An oral history of a Puerto Rican woman who has since migrated to Staten Island paints a somewhat different picture. Her mother and father came to New York from Puerto Rico just after World War II. Their story generally disproves the common sentiment of the media in the 1940’s. Aida Dasaro tells her family’s story from the beginning:

For a couple of months and then sent for her um...with the two oldest..uh..my two oldest brother and sister. And he basically came here to find a better life because they lived in extreme poverty in Puerto Rico. It was right after World War II, maybe 1945 1946, or maybe even 1947. Um, they basically settled in uh Brooklyn, probably in Bushwick and then my father um began to look for a job.

Her family’s story generally falls in line with what writers of the day had to say in regards to the reasons Puerto Ricans had for coming to the mainland. Her father actually came alone, to generally scope out the city and see what opportunities were afforded to him. Where he originally decided to work once he came to New York wasn’t discussed. However, when her mother came over, she did discuss where she worked.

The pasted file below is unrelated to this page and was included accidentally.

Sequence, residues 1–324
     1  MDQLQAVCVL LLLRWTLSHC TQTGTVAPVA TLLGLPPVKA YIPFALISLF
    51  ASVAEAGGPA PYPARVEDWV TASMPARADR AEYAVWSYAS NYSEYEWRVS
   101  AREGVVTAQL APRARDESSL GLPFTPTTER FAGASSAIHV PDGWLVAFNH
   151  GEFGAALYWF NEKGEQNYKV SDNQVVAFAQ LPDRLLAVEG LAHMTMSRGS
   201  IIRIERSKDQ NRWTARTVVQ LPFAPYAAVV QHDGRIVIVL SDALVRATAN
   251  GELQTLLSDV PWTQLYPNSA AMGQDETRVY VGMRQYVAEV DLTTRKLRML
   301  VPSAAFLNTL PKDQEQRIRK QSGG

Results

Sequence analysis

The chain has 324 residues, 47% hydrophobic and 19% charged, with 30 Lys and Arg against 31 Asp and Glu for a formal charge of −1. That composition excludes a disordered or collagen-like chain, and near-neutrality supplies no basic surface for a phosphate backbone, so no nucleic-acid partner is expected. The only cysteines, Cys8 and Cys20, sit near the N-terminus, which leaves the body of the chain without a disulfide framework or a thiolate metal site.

Aida Dasaro: Mom basically was a housewife. She may have worked for a time in uh, a factory making, um, uh, slipcovers.

Amanda Dasaro: For beds?

Aida Dasaro: For, you know, living room sofas and chairs.

This is an exact echo of what Charles Hewitt wrote about Puerto Rican women in regards to their employment. Her mother worked in a garment factory, making slipcovers for low wages.

Her story also echoed the sentiment of Puerto Ricans at the time when she discussed her family’s reasoning for leaving the island:

Aida Dasaro: Um, it was very difficult for my father to find a job. Basically, the uh, the economy was still very much agrarian, uh poor dirt farmers living in, in run down wooden shacks and there was basically a depression in Puerto Rico that forced millions of people to leave after WWII.